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Current Bacteriological Profile of Nosocomial Pneumonia in Adults and State of Resistance to Antibiotics

Zahir. H, Arsalane. L, Mouhib. H, Elghouat. G, Elkamouni. Y, Zouhair. S., Morocco

Background: Nosocomial pneumonia is the leading cause of infection in intensive care. It is responsible for significant morbidity and mortality. The main objective of our study was to identify the bacteria involved in nosocomial pneumonia and to determine their antibiotic resistance profile, in order to improve their management and reduce the associated morbidity and mortality.
Methods: This is a retrospective and descriptive study, conducted from April 2015 to March 2018. Only pulmonary infections occurring beyond 48 hours of admission to the intensive care unit have been included.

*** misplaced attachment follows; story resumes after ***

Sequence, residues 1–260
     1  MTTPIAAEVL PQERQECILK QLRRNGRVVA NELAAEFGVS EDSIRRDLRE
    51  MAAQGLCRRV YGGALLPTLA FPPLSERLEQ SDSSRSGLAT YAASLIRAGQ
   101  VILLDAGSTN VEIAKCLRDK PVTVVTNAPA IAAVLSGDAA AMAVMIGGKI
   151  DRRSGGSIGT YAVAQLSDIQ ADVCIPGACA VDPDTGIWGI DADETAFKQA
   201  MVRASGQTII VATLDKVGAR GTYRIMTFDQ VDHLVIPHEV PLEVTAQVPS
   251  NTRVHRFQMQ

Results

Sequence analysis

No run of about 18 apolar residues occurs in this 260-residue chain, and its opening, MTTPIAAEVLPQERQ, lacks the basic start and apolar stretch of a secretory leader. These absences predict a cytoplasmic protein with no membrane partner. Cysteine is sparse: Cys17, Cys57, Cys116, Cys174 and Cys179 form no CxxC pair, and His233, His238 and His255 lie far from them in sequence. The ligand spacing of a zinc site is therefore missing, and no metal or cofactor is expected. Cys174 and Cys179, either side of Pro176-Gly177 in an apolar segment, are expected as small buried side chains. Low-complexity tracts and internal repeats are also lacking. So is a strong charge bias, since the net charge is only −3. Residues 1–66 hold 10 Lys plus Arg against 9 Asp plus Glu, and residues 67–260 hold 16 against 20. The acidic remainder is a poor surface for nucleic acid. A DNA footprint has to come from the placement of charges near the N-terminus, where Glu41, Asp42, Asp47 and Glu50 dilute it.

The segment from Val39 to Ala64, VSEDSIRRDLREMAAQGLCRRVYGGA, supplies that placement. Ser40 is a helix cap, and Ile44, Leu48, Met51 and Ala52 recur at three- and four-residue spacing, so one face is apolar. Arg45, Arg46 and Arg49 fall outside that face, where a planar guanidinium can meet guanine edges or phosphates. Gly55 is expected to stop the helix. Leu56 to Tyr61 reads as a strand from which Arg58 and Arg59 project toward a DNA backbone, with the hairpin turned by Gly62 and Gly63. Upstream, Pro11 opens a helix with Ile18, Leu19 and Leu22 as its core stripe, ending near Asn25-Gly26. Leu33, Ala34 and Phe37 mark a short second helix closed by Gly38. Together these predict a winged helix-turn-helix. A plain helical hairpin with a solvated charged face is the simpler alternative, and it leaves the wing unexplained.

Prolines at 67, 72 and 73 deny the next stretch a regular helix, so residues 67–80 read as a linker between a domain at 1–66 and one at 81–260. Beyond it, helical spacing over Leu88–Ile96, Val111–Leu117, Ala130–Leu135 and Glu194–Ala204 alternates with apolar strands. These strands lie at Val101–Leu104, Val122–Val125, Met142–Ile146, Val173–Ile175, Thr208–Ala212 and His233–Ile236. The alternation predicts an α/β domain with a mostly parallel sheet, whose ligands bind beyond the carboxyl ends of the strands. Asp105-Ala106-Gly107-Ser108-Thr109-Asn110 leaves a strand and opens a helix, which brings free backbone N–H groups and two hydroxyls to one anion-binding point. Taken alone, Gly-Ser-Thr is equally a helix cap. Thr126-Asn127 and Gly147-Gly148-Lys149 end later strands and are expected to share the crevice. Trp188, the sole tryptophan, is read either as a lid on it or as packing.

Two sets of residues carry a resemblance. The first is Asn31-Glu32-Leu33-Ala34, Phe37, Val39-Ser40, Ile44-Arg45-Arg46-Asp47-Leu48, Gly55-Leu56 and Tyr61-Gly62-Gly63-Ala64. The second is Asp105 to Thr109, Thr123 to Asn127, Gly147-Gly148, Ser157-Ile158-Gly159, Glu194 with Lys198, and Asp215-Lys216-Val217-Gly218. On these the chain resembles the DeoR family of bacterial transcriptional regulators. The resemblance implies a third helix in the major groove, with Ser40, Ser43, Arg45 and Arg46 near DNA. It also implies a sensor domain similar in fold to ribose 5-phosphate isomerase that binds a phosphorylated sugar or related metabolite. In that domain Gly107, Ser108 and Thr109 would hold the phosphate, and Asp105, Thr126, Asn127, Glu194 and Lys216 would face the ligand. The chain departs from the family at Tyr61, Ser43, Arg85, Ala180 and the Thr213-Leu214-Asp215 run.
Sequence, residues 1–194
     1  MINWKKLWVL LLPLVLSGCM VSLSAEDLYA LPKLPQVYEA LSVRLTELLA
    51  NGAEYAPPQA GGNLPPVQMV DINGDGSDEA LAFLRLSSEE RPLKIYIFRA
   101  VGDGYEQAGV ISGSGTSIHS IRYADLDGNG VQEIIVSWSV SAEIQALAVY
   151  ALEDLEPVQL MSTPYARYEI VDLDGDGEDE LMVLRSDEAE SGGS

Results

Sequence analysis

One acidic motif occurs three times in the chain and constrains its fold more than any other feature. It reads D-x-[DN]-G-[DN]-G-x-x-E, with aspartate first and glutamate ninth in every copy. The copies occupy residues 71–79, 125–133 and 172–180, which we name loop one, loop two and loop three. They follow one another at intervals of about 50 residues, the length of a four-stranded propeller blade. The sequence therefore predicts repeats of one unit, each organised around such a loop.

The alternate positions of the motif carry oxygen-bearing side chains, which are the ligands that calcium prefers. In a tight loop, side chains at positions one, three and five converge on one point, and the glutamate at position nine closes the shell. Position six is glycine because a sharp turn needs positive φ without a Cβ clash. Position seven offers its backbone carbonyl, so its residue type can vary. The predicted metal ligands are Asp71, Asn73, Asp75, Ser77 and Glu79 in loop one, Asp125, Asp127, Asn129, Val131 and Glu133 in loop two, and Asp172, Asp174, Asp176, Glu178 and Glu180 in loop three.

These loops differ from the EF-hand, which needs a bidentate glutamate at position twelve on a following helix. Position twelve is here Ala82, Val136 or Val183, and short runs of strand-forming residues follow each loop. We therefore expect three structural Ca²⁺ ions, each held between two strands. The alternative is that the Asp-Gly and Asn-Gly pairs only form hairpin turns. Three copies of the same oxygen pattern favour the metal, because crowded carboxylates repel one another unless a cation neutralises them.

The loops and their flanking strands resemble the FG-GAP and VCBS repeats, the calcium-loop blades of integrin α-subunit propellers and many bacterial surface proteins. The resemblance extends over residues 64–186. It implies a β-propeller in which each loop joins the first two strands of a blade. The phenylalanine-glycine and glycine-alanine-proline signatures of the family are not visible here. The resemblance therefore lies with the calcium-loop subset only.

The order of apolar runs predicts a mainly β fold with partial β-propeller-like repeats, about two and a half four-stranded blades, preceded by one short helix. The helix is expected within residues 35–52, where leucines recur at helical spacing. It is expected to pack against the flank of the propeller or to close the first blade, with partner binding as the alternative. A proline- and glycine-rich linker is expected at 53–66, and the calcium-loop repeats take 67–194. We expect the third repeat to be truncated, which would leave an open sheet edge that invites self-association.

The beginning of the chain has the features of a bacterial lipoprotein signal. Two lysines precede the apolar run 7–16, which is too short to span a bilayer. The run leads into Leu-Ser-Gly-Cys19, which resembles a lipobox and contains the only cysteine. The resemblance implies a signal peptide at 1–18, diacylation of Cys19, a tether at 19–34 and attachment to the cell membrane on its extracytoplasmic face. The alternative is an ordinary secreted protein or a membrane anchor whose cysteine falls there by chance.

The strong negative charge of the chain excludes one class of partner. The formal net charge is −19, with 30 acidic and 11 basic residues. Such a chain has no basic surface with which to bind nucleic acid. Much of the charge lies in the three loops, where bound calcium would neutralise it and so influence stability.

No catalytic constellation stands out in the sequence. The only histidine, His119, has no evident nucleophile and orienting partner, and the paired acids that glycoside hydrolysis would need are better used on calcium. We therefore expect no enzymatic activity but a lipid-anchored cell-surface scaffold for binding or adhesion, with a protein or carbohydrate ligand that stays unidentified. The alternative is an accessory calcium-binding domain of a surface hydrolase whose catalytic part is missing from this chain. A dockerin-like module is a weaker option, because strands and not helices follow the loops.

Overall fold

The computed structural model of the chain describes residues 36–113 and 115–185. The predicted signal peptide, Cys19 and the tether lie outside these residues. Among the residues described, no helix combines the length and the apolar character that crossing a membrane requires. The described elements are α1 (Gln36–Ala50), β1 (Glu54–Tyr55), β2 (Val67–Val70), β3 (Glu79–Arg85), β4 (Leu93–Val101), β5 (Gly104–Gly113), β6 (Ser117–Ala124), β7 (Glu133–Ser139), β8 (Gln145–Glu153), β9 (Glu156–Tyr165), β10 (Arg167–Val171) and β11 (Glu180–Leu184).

Results: The incidence of the nosocomial pneumonia was 77%. Gram-negative bacilli were found in 76% of cases, dominated by Acinetobacter baumannii (44%), followed by enter obacteria (24%), most of which was represented by klebsiella pneumoniae (10%). Gram-positive Cocci (13%) were dominated by Staphylococcus aureus (11%). The study of antibiotic resistance, shows a multi-resistance especially for Gram-negative bacilli, which must be taken into consideration by setting up an active prevention strategy.
Conclusion: This alarming finding of virulence and multidrug resistance should lead practitioners to prescribe antibiotics rationally based, preferably, on the data of an antibiogram; this will reduce the selection pressure exerted by a broad spectrum antibiotic, sometimes abusive and inappropriate.

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